Personalized Learning: What The News Isn’t Telling You

Recently, a spate of articles have appeared in major news sources shining a light on personalized (competency-based) learning.  While it’s nice to see these topics being talked about in the mainstream press, they aren’t (shocker) telling you what you really need to know.

Take the claim found in the New York Times that Silicon Valley tech moguls are remaking America’s schools:

“Mark Zuckerberg,” the Times tells us, “is testing one of his latest big ideas: software that puts children in charge of their own learning, recasting their teachers as facilitators and mentors.”

There’s no question that Silicon Valley executives like Zuckerberg are playing a major financial and development role in current ed reforms, but let’s not give credit where credit isn’t due (especially to Zuckerberg, who already gets way too much of that). The idea of software that puts children “in charge of their own learning” has not only been around for well over sixty years (watch this video of B.F. Skinner explaining how it worked back in the fifties)  – it’s also been actively advanced by our very own Departments of Education and Defense for decades.

(Go here for all the details.)

Folks like Zuckerberg and Reed Hastings of Netflix are really just carrying water for a well established educational-industrial-complex that has long been attempting to get our kids to spend more time learning from electronic devices.

By pointing the finger at these tech moguls, the Times let’s the real power-players off the hook: federal agencies like the Department of Education and Department of Defense; our elected officials who are passing legislation cooked up in bill-mills like ALEC to drive this agenda forward; the drivers of public-private collusion in our communities; and the media outlets that have been busy obscuring the truth so that the reforms advance with little resistance.

Back in 2015, the New York Times gushed over the reauthorization of the Elementary and Secondary Education Act, claiming that “[after] a decade of strict federal control of public education, President Obama on Thursday signed a sweeping rewrite of the No Child Left Behind act that returns power to states and local districts to determine how to improve troubled schools.”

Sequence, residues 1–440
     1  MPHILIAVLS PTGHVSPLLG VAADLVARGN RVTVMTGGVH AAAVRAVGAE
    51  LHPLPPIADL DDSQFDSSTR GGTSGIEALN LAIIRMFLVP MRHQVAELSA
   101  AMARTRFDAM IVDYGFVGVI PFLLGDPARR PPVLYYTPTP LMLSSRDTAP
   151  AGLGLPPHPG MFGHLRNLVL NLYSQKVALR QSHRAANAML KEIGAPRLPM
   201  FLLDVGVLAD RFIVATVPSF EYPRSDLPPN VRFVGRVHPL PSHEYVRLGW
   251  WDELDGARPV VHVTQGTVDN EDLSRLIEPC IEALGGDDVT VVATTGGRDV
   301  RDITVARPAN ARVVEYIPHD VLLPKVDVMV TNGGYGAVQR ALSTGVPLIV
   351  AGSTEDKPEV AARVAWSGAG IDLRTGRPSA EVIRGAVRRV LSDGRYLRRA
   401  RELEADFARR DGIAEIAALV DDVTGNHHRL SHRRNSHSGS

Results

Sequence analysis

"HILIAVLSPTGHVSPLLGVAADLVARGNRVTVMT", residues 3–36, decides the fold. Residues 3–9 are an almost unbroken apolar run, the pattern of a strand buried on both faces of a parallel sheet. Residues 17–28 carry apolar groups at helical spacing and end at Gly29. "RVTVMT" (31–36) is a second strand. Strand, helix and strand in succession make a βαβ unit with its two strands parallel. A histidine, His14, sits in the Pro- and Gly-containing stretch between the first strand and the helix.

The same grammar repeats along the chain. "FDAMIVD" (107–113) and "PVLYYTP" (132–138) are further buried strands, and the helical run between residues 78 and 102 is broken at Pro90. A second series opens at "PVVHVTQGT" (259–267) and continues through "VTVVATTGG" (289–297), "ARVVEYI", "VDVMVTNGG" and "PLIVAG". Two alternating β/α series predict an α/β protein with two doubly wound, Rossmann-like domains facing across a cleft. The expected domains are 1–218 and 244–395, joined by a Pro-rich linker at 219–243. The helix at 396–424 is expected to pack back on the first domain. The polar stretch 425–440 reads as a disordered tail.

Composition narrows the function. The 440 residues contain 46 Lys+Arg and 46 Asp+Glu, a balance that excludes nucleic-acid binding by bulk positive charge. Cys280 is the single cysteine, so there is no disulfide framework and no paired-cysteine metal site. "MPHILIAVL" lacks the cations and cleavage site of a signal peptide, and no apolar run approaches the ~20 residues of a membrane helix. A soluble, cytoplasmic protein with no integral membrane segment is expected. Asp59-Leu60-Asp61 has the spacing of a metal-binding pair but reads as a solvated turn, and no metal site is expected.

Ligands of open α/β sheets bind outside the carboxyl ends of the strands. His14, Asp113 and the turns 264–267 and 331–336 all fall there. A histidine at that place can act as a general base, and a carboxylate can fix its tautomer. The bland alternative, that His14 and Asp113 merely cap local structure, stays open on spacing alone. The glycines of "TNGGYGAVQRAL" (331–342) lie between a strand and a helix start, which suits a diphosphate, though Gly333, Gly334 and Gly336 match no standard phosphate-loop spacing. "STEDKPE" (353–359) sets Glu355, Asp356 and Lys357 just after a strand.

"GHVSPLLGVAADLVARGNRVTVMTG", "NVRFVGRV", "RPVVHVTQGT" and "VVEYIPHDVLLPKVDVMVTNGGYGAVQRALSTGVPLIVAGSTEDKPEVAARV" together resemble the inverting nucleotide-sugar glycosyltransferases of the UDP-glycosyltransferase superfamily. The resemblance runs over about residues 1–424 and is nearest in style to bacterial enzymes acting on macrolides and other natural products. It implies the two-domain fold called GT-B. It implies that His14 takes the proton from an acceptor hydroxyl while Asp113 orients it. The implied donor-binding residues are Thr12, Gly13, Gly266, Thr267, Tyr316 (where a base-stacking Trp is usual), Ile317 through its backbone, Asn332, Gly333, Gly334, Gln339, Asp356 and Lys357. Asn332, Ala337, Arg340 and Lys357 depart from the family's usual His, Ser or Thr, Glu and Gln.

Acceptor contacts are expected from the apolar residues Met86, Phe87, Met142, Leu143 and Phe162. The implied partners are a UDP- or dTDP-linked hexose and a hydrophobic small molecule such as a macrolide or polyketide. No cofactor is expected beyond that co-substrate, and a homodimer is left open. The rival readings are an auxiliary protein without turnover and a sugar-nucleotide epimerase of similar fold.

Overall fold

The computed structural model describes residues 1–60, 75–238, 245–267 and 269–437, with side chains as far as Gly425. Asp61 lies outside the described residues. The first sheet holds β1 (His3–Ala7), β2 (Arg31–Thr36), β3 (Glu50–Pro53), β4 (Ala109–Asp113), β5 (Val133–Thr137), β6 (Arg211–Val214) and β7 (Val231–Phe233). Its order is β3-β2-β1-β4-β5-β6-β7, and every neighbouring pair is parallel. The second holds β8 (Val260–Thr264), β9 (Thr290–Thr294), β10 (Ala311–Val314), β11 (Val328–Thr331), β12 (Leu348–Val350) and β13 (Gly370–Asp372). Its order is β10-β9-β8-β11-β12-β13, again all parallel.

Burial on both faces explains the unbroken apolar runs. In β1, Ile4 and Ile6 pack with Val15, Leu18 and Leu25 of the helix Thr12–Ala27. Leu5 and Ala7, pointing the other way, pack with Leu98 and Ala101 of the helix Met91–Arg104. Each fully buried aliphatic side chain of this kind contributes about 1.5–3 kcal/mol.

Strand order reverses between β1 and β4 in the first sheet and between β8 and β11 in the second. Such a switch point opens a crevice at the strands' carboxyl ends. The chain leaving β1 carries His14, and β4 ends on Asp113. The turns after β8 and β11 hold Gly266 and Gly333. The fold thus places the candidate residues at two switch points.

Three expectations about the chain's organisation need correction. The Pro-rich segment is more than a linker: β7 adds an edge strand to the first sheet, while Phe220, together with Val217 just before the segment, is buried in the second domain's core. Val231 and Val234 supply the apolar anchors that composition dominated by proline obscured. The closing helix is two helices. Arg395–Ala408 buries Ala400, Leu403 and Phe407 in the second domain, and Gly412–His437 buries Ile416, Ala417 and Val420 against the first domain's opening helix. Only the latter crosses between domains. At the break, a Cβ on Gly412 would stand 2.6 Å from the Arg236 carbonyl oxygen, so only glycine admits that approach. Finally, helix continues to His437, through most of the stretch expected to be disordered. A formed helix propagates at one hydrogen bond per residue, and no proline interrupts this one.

In reality, any power that has been “returned” to our states and local districts is little more than the power to choose which personalized learning model to purchase from Silicon Valley. The new law is jam-packed with incentives to move our schools toward the “personalized”, competency-based learning agenda, including major grant money that will benefit the very tech companies the Times is now accusing of meddling in our schools.

Meanwhile, NEA Today recently came out with an article claiming: As More Schools Look to Personalized Learning, Teaching May be About to Change. The article, filled with platitudes about teachers “craving change” and students engaged in “higher order thinking,” generated major backlash from teachers (check out the comment section of the article) – in part because it fails to mention that the NEA has been actively colluding with Silicon Valley titans to advance the personalized learning agenda.

In 2015, Lily Eskelsen, president of the NEA, joined a long list “visionary signatories” after meeting with folks like Andrew Ko of Samsung and Sig Behrens of the 3D printing company, Stratsys, as part of an initiative funded by – you guessed it – Mark Zuckerberg.

There’s something even more basic, however, that these articles don’t tell you: that none of these reforms are necessary or what any of us want.

“What if you could know exactly what time of day your child learns best? Or if they were likely to fail tomorrow’s quiz?” asks Kayla Webley in Time Magazine.  It’s a “hot concept,” she claims.

No, it’s not – at least not outside the sphere of tech moguls, politicians, and lobbyists who are trying to shove this idea down our throats.  Do you know a single parent who wishes they had more “data” about their child so they know if should do their homework before dinner?  Do you know a single teacher who spends her days wishing for “real time analytics” in order to determine which of her students are struggling?

I don’t.

It’s all manufactured, and if we’re not careful, we’re about to give manufactured consent for them to do with our schools what they will.




Author: Emily Talmage

My name is Emily Talmage and I teach fourth grade at Montello Elementary School in Lewiston, Maine. In addition to teaching in Lewiston, I have also taught special education and general education in New York City, including one year at a “high-performing” charter school in Brooklyn. I also have two master’s degrees; one in Urban Education from Mercy College, and another in Developmental Psychology from Teachers College, Columbia University. I have also worked as a research analyst and assistant at the National Center for Children and Families at Columbia and Oldham Innovative Research in Portland.

4 thoughts on “Personalized Learning: What The News Isn’t Telling You”

  1. According to the BMO Capital Market Education and Training Report, spending on school staff is down slightly, while spending on data management, equipment, digital tests and digital materials continues to rise. Other sources show a simultaneous drop in student services. Given financial constraints, gains somewhere mean losses elsewhere.


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